WOODBRIDGE, N.J. — Hundreds of New Jersey Transit rail workers rallied in a park across from the Woodbridge train station Saturday morning, demanding a decent contract as the March 13 strike deadline approaches.
They’ve been working without a contract for five years.
Officials representing New Jersey Transit, and rail workers unions, met in Washington on Friday, with both sides said to have “moved a little” as they tried to hammer out a deal.
Over the last nine months, two Presidential Emergency Boards convened by President Obama, made recommendations on wage and health care increases.
“We both put our positions to the board, and they selected ours as the most reasonable. NJ Transit rejected it. That’s why we’re here today,” David Decker, a train operator and union representative, said.
Stephen Burkert, spokesman for the rail union coalition, said the unions are looking for a 2.4 percent net increase over six and a half years.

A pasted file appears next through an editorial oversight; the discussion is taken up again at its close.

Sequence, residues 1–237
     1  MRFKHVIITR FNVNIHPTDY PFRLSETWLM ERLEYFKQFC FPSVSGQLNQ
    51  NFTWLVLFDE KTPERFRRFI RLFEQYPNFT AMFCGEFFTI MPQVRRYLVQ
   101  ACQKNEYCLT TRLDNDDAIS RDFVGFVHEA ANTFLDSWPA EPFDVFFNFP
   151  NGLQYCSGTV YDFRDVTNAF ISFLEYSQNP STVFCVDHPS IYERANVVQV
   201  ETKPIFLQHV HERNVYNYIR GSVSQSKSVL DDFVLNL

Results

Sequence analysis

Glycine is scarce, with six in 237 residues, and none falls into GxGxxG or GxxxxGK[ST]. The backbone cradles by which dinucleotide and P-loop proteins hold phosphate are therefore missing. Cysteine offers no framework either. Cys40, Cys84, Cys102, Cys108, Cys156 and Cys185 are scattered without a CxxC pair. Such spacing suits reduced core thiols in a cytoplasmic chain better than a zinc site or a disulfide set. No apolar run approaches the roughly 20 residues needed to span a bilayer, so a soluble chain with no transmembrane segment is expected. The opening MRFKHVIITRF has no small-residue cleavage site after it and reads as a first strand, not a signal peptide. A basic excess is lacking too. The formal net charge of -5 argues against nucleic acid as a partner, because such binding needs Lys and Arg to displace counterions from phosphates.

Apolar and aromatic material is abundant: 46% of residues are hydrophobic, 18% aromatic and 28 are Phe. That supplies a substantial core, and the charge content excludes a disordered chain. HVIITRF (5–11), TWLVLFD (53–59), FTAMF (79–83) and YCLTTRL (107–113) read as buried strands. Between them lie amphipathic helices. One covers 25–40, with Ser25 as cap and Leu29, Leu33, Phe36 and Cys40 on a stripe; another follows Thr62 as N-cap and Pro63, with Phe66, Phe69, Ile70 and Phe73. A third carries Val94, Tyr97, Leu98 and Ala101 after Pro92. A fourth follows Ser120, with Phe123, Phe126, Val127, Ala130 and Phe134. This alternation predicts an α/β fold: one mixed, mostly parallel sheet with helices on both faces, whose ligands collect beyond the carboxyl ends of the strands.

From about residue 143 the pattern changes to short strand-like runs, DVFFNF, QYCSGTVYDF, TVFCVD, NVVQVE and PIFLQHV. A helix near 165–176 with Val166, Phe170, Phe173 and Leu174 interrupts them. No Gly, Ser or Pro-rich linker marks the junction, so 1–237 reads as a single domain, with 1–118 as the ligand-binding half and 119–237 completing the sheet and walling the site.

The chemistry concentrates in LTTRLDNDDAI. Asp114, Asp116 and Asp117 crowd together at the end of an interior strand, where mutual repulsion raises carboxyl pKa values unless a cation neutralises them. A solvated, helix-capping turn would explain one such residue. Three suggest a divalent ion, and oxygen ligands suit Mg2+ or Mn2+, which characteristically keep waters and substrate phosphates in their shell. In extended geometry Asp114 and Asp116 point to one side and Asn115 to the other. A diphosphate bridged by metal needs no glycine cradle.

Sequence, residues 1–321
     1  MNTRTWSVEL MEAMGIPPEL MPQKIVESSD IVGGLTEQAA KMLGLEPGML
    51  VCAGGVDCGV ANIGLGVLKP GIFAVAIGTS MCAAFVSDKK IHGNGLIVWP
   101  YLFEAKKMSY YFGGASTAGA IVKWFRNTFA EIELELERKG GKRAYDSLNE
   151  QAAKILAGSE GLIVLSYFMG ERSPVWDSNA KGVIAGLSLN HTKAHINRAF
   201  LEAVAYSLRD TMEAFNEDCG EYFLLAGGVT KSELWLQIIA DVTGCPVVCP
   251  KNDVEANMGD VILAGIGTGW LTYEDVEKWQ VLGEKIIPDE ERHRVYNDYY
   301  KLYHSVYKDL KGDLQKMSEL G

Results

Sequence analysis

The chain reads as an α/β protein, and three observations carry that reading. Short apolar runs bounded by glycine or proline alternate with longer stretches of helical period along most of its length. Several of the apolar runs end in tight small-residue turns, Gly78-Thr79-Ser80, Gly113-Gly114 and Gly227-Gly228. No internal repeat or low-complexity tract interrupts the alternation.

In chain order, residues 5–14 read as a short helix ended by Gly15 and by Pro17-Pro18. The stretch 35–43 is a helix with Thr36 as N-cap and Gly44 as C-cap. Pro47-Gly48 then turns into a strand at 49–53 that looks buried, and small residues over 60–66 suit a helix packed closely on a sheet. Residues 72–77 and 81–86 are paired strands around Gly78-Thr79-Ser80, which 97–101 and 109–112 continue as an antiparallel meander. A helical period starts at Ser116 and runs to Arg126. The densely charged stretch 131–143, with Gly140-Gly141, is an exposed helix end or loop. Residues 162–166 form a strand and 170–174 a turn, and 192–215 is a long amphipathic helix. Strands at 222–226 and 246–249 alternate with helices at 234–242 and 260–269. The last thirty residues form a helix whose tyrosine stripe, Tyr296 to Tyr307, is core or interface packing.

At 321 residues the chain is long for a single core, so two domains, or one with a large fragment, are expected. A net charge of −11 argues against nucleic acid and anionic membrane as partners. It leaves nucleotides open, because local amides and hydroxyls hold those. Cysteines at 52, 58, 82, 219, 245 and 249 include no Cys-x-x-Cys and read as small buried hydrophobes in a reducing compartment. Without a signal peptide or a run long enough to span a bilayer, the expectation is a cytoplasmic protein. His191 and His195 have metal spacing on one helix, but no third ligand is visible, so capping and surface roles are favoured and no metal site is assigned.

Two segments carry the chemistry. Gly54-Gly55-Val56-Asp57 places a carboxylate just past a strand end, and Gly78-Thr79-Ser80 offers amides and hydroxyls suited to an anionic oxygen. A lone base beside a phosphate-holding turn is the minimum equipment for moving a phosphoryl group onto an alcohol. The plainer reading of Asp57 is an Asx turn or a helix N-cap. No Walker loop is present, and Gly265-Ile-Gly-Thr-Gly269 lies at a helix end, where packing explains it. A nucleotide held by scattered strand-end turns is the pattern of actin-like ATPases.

“It’s very similar to what the Long Island Railroad got. There’s nothing exorbitant about what we’re asking for,” Burkert said.
The walkout would have a major impact on the more than 100,000 New Jersey riders who commute to New York on a daily basis.
“I definitely would have to drive to New York, and the traffic would be crazy,” NJ Transit rider Felicea Seabrook said. “I’d have to leave an extra hour or two.”
Contingency plans would accommodate a maximum of about 40,000 people each day, according to transit officials.
“I have no confidence in the backup plan, because the backup plan basically says to 60 percent of the riders, too bad. That’s not a backup plan,” said Assemblyman John Wisniewski, Chairman of the New Jersey General Assembly’s Transportation and Independent Authorities Committee.
“NJ Transit owes it to those riders to make sure they have a way to get to and from work. And that’s why this is such a big impact on our economy.”
Talks will continue on Monday in Newark.